As is shown in FIG. 3 it is possible to insert a resistance R to the voltage applying circuit.

When the copying material 4 is passed between the squeezing rollers 8 and 9, a voltage from 50 V to 3 kv is applied between the rollers 8 and 9 in such a direction that the toner 5 is electrically attracted to the copying material 4. Thus, the toner particles 5 can be attracted to the copying material 4 by the electric field when the carrier liquid 3 adhered on the copying material is removed by the squeezing rollers.

Therefore, it is possible to produce excellent transferred image without causing the disturbance of the image. It is not an indispensable factor of this invention that two liquid developer squeezing rollers 8 and 9 should be provided, rather it is quite possible to replace either of the squeezing rollers by other additional means for squeezing the liquid developer. For example, one of the liquid developer squeezing rollers 8 and 9 may be replaced by a squeezing means other than a roller.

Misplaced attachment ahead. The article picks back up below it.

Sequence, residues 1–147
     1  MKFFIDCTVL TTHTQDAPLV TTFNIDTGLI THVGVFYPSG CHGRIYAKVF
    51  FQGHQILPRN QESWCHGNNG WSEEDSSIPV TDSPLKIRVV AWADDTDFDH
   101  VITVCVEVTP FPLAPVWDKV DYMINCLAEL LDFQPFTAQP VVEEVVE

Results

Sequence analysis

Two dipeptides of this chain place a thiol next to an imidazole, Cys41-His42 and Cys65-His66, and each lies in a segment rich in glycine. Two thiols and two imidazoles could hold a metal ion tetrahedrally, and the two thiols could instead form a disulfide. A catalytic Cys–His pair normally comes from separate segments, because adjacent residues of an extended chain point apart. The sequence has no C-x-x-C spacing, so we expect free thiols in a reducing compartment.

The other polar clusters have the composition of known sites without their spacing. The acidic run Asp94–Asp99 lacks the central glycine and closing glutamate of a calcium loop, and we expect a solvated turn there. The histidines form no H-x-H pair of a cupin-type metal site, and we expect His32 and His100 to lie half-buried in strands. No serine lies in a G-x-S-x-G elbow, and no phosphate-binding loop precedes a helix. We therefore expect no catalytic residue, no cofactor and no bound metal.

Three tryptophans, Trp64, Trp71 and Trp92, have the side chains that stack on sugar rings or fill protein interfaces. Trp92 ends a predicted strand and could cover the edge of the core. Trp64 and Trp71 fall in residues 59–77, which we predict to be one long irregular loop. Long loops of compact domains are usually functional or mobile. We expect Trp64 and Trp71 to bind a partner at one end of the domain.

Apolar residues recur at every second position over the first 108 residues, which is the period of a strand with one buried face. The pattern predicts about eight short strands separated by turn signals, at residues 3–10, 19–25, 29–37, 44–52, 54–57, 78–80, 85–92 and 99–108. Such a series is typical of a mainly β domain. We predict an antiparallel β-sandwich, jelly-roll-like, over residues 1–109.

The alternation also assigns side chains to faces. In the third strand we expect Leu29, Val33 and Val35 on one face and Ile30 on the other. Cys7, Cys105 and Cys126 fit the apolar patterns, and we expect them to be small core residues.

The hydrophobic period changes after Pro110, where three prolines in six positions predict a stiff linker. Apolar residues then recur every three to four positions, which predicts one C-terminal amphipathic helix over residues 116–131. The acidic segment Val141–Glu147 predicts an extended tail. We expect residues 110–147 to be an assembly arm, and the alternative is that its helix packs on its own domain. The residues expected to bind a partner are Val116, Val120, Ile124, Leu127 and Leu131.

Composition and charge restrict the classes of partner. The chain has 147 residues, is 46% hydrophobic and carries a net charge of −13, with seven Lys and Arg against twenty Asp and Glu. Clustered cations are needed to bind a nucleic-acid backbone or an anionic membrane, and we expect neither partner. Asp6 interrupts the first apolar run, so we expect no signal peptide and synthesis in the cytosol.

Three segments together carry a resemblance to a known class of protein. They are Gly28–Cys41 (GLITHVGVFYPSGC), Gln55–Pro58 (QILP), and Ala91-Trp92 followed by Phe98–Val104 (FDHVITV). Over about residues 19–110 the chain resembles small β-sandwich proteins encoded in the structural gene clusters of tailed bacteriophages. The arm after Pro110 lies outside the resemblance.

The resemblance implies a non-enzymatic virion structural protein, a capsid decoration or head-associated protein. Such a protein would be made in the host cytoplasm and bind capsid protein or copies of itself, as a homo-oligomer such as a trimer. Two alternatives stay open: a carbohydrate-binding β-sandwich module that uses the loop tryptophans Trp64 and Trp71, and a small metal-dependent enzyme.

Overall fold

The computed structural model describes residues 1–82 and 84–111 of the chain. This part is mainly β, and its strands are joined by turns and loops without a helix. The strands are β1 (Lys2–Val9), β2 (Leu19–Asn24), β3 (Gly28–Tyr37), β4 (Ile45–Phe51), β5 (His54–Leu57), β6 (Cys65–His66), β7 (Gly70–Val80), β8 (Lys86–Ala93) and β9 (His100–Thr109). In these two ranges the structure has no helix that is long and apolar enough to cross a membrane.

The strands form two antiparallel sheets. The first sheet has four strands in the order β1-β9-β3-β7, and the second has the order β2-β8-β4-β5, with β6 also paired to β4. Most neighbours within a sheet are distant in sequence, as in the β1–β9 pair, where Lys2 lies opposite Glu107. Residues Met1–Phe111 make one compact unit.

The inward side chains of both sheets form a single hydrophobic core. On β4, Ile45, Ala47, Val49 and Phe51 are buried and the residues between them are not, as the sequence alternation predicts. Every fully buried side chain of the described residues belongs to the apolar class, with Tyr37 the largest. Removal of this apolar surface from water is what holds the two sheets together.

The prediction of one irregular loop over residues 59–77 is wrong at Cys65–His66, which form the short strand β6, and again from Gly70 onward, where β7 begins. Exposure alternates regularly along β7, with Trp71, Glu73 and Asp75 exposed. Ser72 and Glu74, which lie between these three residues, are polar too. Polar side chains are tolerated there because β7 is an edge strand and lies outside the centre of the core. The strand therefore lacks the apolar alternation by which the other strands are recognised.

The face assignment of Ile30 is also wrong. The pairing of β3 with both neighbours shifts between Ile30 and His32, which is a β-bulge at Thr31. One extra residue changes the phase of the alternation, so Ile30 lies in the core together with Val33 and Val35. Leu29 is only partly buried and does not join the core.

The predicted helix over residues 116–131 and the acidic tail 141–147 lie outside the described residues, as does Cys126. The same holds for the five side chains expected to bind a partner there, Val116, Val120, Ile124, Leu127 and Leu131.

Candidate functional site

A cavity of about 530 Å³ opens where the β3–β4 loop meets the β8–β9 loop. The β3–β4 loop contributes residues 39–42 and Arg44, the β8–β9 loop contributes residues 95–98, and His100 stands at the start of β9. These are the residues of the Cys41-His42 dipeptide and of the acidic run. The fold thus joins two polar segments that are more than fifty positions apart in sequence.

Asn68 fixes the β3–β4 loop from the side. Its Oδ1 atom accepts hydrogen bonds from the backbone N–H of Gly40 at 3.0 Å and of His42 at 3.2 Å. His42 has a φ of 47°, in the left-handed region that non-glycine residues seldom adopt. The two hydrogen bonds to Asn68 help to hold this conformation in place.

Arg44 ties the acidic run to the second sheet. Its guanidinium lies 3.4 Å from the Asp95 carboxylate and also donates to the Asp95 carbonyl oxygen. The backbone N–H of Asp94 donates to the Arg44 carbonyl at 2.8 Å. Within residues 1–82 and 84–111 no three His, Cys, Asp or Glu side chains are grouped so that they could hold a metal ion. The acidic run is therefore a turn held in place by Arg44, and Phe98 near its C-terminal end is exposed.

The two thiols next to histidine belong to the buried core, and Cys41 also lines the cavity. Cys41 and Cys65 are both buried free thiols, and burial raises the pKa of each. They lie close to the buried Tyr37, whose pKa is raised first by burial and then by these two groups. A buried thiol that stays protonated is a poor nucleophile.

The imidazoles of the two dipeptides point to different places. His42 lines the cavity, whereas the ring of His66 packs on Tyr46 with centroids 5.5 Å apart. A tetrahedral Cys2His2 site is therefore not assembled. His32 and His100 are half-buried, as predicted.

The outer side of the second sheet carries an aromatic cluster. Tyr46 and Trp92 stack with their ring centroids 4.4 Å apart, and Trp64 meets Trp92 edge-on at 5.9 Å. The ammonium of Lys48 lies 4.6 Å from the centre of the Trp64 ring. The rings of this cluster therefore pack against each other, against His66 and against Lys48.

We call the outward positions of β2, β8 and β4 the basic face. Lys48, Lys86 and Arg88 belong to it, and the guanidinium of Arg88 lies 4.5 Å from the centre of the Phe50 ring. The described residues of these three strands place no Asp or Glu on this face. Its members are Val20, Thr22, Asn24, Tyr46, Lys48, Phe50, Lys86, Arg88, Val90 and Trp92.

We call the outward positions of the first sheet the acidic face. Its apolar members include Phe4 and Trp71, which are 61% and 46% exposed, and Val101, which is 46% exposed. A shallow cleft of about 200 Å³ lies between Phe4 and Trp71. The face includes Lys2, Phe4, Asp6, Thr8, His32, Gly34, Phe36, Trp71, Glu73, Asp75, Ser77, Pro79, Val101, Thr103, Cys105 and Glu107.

The following is an explanation of FIG. 4 which shows an embodiment of a electrophotographic device in which the squeezing rollers 8 and 9 shown in FIG. 3 are combined.

In this device, the photosensitive plate A is composed of cylindrical drum which, in operation, rotates continuously.

First, the photosensitive plate A comprising a photo-conductive layer 2 on a support 1 is charged by means of the corona discharger l0, and then the image light of the original copy is projected by means of the exposing means 11 to form electrostatic latent image on the photosensitive plage A. Then, the photosensitive plate is dipped in the liquid developer to develop the latent image. Thereafter, the copying material 4 is laid thereon with a slight distance from the surface of the image.

An electric field is applied through the electroconductive roller 7 for image transfer from the back surface of the copying material 4 and the developed visible image is transferred to the copying material 4 by making use of the electrophoresis of the toner particles 5 contained in the liquid developer.